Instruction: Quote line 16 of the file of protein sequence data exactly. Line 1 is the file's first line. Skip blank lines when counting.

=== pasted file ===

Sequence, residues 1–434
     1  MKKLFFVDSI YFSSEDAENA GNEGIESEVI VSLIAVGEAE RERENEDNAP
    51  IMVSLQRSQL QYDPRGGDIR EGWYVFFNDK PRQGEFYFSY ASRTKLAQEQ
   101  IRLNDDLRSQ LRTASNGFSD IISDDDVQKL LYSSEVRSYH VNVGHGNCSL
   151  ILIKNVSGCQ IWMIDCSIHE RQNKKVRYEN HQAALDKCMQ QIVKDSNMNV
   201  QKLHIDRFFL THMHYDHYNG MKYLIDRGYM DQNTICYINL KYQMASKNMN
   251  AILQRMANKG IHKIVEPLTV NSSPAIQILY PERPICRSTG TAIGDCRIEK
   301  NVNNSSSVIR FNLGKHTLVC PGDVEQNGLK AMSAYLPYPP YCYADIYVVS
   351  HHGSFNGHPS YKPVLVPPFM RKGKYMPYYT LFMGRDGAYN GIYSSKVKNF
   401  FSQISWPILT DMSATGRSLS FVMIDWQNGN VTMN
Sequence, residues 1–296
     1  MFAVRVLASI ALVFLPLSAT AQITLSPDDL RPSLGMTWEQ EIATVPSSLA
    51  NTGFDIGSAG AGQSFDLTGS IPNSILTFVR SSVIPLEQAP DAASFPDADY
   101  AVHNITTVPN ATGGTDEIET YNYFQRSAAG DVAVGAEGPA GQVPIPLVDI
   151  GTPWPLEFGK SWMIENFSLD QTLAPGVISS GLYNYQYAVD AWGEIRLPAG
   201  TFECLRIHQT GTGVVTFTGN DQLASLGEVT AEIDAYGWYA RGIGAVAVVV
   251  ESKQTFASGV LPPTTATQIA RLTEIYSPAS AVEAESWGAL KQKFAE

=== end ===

   201  TFECLRIHQT GTGVVTFTGN DQLASLGEVT AEIDAYGWYA RGIGAVAVVV